SKOWHEGAN — A man suspected of killing his father in Cambridge July 21 was cooperative and willing to talk for a while when he turned himself in to police, an investigator said in court on Tuesday.
The man, Angelo Licata, 34, of Detroit, came voluntarily with two friends to the Waterville Police Department on that July night, said Maine State Police Detective Bryant Jacques, who met Licata at the police station to discuss the circumstances surrounding his father’s death.
That night, Licata signed paperwork agreeing to waive his rights to remain silent and have an attorney present, Jacques told Judge John Nivison in Somerset County Superior Court. Though he was not yet under arrest, Licata then answered questions.
His father, 63-year-old Alfred Licata, had been found dead on a lawn near his home several hours earlier. The medical examiner later determined he died of blunt force trauma to the head.
After the Tuesday court hearing, Nivison will decide whether to suppress certain statements made by Licata to police.
Defense attorney Peter Barnett asked that all of Licata’s discussions with police on July 22, which were audio-recorded, be suppressed because Jacques did not read him a clear Miranda warning — the required statement by police outlining the right to remain silent and right to an attorney — and coerced him into signing a waiver of his rights.
“He was pressured under the threat of arrest to answer questions,” Barnett said.
Assistant Attorney General Andrew Benson argued that some of the interviews should be allowed because Licata said he wanted to answer questions and signed the waiver voluntarily. Benson said there was clearly no inappropriate police conduct.
It was the first time that police and attorneys shed light on the events of the night of July 21, with questioning beginning in the early hours of July 22.
Waterville Police Sgt. Daniel Ames, who was the first officer to testify, said it was after midnight when a dispatcher told him that Licata was in the hallway of the police station and wanted to turn himself in.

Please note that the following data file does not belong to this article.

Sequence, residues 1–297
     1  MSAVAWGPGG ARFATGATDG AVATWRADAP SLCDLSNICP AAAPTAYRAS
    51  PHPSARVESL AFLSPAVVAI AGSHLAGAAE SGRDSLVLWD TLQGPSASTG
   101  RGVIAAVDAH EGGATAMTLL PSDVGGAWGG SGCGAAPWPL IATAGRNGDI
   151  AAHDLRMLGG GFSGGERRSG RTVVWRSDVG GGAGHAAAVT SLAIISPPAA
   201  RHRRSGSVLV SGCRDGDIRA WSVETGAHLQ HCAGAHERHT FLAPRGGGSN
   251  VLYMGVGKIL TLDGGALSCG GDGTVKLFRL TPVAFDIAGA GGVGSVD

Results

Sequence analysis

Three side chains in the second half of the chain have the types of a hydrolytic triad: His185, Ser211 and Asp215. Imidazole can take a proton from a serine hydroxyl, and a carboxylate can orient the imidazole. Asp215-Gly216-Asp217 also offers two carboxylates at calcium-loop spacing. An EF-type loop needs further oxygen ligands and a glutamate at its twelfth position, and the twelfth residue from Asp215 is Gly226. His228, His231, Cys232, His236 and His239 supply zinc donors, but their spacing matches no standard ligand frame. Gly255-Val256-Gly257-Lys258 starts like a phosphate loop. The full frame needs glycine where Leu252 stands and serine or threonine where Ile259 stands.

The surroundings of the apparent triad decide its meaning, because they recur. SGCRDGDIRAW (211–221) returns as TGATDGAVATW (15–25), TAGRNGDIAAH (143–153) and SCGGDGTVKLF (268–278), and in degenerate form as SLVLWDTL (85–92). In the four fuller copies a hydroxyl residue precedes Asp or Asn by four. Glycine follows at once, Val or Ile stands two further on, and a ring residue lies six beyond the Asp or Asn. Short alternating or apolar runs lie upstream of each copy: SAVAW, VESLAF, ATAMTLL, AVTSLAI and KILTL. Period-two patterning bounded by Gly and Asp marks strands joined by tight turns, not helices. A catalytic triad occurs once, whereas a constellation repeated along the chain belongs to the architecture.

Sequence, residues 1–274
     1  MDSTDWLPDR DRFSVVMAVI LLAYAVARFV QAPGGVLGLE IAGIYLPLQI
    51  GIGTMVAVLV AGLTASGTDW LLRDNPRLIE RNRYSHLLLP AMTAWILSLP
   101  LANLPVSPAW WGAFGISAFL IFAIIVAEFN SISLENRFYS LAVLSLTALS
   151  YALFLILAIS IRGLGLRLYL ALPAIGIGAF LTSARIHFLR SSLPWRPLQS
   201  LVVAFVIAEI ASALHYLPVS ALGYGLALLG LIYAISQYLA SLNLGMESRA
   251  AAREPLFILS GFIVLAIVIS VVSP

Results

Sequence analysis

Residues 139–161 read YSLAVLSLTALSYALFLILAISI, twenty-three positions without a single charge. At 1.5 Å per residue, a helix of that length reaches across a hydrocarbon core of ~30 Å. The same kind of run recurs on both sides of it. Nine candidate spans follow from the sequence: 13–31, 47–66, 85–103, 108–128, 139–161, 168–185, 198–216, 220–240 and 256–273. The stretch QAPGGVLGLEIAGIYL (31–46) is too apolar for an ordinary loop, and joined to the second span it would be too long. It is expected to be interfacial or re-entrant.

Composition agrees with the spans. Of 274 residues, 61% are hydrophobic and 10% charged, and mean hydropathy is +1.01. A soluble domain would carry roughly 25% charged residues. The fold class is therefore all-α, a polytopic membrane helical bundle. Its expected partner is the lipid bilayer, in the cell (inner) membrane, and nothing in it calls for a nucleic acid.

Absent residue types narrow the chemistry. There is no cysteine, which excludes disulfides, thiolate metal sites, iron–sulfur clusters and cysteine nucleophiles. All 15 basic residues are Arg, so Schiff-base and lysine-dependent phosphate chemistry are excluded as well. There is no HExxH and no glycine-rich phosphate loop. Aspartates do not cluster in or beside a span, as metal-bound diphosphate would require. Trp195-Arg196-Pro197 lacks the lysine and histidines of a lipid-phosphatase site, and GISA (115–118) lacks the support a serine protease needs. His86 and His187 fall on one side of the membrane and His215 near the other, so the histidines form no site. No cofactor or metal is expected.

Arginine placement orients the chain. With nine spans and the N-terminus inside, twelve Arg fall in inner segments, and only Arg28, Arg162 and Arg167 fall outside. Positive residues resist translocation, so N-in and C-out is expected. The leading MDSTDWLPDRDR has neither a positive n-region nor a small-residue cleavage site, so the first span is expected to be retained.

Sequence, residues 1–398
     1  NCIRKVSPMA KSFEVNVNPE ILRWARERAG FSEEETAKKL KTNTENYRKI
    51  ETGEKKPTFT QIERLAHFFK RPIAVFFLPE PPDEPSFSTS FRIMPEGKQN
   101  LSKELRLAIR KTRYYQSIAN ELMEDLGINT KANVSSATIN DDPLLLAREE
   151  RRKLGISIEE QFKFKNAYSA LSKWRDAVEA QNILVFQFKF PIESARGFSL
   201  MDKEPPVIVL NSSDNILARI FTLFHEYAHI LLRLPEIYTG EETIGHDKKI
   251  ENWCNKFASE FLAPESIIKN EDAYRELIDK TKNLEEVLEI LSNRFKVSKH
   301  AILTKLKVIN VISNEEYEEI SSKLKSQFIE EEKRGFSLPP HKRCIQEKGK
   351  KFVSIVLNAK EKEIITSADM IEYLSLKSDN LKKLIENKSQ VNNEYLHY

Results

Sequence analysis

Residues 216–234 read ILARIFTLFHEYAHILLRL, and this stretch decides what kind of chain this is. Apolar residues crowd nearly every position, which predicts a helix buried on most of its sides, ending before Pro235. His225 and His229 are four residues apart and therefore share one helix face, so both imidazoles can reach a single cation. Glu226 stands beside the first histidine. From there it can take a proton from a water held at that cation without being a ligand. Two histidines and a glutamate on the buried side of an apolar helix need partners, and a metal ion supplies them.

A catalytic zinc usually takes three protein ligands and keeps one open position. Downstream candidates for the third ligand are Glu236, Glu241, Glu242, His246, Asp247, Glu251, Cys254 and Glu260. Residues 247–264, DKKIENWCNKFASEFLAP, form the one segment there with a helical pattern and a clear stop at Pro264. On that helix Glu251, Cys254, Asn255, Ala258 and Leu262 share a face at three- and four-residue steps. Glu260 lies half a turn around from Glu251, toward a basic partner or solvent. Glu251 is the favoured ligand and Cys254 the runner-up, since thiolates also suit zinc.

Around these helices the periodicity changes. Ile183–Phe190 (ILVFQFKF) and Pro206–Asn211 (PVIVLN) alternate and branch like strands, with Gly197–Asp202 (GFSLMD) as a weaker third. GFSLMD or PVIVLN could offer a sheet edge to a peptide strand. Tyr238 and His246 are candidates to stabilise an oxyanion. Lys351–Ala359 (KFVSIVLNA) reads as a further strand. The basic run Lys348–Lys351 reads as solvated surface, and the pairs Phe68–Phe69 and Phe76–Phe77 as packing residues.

When Ames walked into the waiting room, three men were sitting on a long bench. He said Licata stood up, holding a Bible in one hand, and said he had heard police were looking for him. He stated he didn’t want to talk without a lawyer present, Ames recalled.
After checking him for weapons, Ames told Licata someone would be with him shortly. Ames said he did not restrain Licata and he was left unguarded.
Trooper Diane Perkins-Vance was the next officer to arrive, around 12:44 a.m., and she stayed for only a few minutes, she testified. Licata said he had nothing to say without a lawyer, and she told him a detective would arrive shortly. He thanked and blessed her before she left, she said. She told the court that Licata remained in the police station voluntarily.
When Jacques arrived, Licata and his friends were outside, and Licata agreed to talk with Jacques in his police car. Licata blessed his friends, and they left, Jacques said.
Jacques said he read Licata the Miranda warning, and Licata agreed to an interview. Later, Licata told Jacques that if he was not under arrest he would like to leave, and he got out of the car.
As Jacques made a phone call inside the station, Ames came to stay with Licata, who did not try to leave.
Ames testified that while Licata waited “he stated several times that he was in shock from what the trooper had said, from what the trooper had told him.”
Around 3:27 a.m., Jacques said, he returned to conduct a second interview and told Licata he was not free to leave. When asked whether he was responsible for the death of his father, Licata declined to answer. After more interviewing, Licata was taken to Somerset County Jail.
The next evening, Jacques said he got word that Licata wanted to see him at the jail, so the following day he went to meet him. Jacques said he read Licata his Miranda rights again and even told Licata his attorney wouldn’t like that he was meeting with an investigator.
But Licata responded that he wanted the truth known, Jacques said. In particular, Licata said “the Lord” wanted it known, according to Jacques.
Though Jacques didn’t provide details about what Licata disclosed, Jacques said Licata provided a different version of events than during the previous interviews.
Jacques said Licata never appeared to be under the influence of drugs or alcohol. He said he never made any promises to Licata to get him to talk, and he never raised his voice or threatened him.
Erin Rhoda — 612-2368